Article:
**Data File.** This example is based on the data
file *Poverty.sta*. The data are based on a comparison of 1960 and
1970 Census figures for a random selection of 30 counties. The names of
the counties were entered as case names. The information for each variable
is listed in the __ Variable
Specifications Editor__ [accessible by selecting the
Data tab and in the Variables
group clicking All Specs (ribbon
bar), or selecting

Open the data file:

Ribbon bar. Select the Home
tab. In the File group, click
the Open arrow and on the menu,
select Open Examples. The Open a Statistica Data File dialog
box is displayed. *Poverty.sta*
is located in the Datasets folder.

Classic
menus. On the File menu, select Open Examples
to display the Open a Statistica
Data File dialog box; *Poverty.sta* is located in the Datasets
folder.

**Research Question.** In other examples (e.g., __Multiple
Regression Example 1: Standard Regression Analysis__, __GLM
Example 7: Simple Regression Analysis__, __PLS
Example 1: Multiple Regression__), it was illustrated how
to analyze the correlates of poverty, that is, the variables that best
predict the percent of families below the poverty line in a county. In
the course of those analyses, at least one outlier was detected. For this
example, we are interested in locating any outliers that might exist in
the data set.

**Starting the Analysis.** Start the Basic
Statistics and Tables module, which provides both graphical and
quantitative approaches to detecting outliers.

Ribbon bar. Select the Statistics tab. In the Base group, click Basic Statistics to display the Basic Statistics and Tables Startup Panel.

Classic menus. On the Statistics menu, select Basic Statistics/Tables to display the Basic Statistics and Tables Startup Panel.

To begin the analysis, double-click *Descriptive
statistics* to display the *Descriptive
Statistics* dialog box.

**Graphical
approach.** A common graphical means of detecting outliers is to construct
a box plot of the data.

To do this, click the Variables
button in the *Descriptive Statistics* dialog box to display a variable
selection dialog box. Because we are interested in detecting any existing
outliers, click the *Select All* button, and then click* OK*
in the variable selection dialog box.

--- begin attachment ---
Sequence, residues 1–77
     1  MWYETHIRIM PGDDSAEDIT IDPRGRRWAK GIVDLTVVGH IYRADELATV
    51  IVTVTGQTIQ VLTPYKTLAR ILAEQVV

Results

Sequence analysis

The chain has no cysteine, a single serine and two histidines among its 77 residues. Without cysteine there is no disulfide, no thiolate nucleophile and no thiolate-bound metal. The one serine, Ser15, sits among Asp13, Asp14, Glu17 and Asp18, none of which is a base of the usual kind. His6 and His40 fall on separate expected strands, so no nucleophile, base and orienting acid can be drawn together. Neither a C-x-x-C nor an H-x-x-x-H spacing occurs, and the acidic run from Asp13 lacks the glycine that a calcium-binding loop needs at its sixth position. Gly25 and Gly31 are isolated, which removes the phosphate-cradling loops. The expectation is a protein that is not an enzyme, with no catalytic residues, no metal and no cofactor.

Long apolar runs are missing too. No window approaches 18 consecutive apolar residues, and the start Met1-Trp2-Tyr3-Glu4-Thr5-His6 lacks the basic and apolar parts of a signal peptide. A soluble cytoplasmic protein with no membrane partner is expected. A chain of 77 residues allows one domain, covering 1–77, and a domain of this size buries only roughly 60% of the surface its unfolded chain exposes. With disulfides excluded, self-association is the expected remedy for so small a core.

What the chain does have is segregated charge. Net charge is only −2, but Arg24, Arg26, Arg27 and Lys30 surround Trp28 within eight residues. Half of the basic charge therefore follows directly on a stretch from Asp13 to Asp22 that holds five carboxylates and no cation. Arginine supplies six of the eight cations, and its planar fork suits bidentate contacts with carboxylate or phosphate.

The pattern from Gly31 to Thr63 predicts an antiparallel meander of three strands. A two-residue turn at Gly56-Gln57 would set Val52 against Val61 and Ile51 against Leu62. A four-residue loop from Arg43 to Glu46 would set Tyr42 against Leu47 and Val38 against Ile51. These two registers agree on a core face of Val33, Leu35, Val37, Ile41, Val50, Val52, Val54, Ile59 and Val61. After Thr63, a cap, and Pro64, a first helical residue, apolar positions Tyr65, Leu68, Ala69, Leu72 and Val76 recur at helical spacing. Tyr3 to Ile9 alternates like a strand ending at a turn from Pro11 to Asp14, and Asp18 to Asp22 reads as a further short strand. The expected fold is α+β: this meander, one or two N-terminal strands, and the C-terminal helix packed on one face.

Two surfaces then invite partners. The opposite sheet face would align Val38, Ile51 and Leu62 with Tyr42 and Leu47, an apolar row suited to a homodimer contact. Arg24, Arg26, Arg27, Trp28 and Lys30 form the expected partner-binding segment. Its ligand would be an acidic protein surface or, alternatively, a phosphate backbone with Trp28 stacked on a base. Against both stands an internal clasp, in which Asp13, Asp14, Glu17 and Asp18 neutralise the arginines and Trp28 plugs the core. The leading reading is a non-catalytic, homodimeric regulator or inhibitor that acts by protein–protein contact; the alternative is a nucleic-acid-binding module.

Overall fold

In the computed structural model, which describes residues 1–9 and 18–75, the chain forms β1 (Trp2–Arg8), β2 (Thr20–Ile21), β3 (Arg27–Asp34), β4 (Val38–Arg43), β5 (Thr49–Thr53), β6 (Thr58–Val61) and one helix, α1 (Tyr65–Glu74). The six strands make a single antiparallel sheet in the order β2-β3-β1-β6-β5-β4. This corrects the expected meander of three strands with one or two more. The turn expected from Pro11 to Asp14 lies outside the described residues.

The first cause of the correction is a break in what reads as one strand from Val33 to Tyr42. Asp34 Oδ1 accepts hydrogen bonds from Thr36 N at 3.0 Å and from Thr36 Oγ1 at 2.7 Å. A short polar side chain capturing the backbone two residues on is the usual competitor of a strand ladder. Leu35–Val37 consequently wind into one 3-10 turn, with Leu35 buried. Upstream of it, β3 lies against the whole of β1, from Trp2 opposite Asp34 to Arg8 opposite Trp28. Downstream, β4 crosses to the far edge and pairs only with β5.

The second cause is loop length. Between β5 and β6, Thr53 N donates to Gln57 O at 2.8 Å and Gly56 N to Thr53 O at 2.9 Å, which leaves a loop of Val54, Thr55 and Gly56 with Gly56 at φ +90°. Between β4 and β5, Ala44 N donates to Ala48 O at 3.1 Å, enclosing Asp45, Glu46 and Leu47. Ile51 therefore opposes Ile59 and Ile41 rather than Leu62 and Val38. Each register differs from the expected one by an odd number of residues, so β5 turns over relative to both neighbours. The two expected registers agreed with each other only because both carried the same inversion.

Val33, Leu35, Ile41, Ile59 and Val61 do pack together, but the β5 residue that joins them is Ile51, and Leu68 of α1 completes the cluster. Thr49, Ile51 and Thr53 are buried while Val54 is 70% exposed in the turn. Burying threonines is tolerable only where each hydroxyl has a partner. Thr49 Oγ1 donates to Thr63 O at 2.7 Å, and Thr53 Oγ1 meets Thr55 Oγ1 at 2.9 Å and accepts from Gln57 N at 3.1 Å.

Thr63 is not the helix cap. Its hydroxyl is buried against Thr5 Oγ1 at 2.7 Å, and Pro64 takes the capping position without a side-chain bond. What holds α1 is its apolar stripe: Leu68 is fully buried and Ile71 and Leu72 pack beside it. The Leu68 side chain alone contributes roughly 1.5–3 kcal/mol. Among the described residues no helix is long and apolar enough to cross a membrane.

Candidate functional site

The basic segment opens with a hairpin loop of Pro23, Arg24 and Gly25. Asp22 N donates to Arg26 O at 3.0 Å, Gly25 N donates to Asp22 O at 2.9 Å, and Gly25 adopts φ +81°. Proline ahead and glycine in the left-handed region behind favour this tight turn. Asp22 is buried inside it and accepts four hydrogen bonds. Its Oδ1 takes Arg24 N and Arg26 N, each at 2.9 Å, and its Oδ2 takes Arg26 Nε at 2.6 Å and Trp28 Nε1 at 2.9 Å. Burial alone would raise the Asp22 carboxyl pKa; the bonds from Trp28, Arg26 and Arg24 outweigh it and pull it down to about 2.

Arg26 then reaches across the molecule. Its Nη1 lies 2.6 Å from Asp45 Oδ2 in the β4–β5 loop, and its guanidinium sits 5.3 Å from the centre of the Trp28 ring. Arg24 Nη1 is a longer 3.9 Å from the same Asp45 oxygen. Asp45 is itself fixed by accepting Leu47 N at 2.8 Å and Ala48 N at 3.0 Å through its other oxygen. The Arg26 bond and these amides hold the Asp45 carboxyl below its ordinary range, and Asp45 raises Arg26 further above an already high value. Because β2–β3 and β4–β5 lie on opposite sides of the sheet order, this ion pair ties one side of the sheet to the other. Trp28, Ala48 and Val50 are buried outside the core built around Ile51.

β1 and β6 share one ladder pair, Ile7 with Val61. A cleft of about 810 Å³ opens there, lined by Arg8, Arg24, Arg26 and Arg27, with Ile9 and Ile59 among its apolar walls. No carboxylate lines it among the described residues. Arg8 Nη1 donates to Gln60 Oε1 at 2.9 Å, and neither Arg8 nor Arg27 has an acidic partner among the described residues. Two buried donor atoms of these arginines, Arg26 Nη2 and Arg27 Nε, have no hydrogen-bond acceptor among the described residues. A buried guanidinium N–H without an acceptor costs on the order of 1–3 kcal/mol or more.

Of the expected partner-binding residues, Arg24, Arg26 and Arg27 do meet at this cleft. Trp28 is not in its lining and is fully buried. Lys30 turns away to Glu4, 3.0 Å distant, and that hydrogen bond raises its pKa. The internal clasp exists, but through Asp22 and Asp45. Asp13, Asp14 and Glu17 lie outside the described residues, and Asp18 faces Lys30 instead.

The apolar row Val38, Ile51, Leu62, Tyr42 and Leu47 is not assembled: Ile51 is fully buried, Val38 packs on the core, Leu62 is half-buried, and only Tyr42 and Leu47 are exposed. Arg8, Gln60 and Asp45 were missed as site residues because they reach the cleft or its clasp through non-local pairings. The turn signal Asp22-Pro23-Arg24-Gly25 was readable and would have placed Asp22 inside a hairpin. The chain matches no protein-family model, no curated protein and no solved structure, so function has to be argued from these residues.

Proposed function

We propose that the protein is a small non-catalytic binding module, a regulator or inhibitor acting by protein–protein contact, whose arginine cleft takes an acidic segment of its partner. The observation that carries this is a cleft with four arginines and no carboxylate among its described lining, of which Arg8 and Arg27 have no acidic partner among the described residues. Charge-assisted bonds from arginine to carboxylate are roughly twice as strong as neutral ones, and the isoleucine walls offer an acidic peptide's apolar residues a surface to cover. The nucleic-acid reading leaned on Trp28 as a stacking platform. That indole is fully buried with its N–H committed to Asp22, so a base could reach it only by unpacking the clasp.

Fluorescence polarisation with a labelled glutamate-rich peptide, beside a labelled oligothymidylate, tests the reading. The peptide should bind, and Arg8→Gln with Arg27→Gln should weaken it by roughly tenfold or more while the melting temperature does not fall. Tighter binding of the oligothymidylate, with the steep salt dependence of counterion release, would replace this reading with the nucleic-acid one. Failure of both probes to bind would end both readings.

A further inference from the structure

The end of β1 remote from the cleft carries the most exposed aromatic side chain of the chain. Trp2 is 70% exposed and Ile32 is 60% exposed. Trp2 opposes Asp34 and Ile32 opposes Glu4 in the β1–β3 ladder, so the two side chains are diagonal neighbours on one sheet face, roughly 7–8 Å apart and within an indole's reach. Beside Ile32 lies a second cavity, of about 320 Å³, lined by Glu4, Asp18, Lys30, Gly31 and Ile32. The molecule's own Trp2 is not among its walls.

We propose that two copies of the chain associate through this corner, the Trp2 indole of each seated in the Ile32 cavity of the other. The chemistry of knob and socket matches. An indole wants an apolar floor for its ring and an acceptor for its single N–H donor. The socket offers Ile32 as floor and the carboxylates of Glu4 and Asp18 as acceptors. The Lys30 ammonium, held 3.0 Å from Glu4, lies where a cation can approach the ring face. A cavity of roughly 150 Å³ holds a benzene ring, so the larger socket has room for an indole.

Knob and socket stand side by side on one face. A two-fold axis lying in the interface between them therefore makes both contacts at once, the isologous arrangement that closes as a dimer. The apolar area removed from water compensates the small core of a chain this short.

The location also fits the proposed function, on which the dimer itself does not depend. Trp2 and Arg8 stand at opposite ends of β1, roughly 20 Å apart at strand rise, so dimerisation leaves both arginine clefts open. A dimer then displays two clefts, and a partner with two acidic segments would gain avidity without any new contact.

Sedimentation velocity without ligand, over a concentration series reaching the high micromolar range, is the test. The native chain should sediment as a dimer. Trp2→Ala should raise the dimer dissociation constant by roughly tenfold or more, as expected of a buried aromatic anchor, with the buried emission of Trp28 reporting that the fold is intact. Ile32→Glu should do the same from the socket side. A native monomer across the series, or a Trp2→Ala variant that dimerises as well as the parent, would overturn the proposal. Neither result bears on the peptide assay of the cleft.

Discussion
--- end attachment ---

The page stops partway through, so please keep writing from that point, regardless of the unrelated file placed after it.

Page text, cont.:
Now, on the *Quick *tab in the Descriptive Statistics dialog box,
click the *Box & whisker plot* for
all variables button.

Clearly, there is greater variability within the variable N_EMPLD than within the other variables.

In this initial graph, potential outliers
and extreme values are not displayed. To enable this feature, double-click
in the background of the graph to display the Graph
Options dialog box. Select the *Box/Whisker* tab (located
under Plot).

Click the *More* button to display
the __ Box/Whiskers
More Options__ dialog box, in which you can select additional
options to compute the box and whiskers, control the display of outliers
and extremes, and use the trimmed distribution of the dependent variable
to compute mean/median. In the

Click the *Close* button in the Box/Whiskers More Options dialog box,
and click the *OK button in the *Graph
Options dialog box to update the graph with outliers and extreme
values.

As we suspected, there seems to be an outlier in the variable N_EMPLD.

**Grubbs test.**
The *Basic Statistics and Tables* module also provides certain quantitative
methods for detecting outliers, one of which is the Grubbs test.

To perform this test, return to the *Descriptive
Statistics* dialog box and select the *Robust* tab. This tab contains
options for including

On the *Robust* tab, select the *Grubbs
test for outliers* check box.

Now click the *Summary: statistics*
button to generate a spreadsheet that contains descriptive statistics
for all variables.

Here, we can see that the Grubbs
Test Statistic for N_EMPLD
is *4.88*. It has a p-value
of *0.00*. This small p-value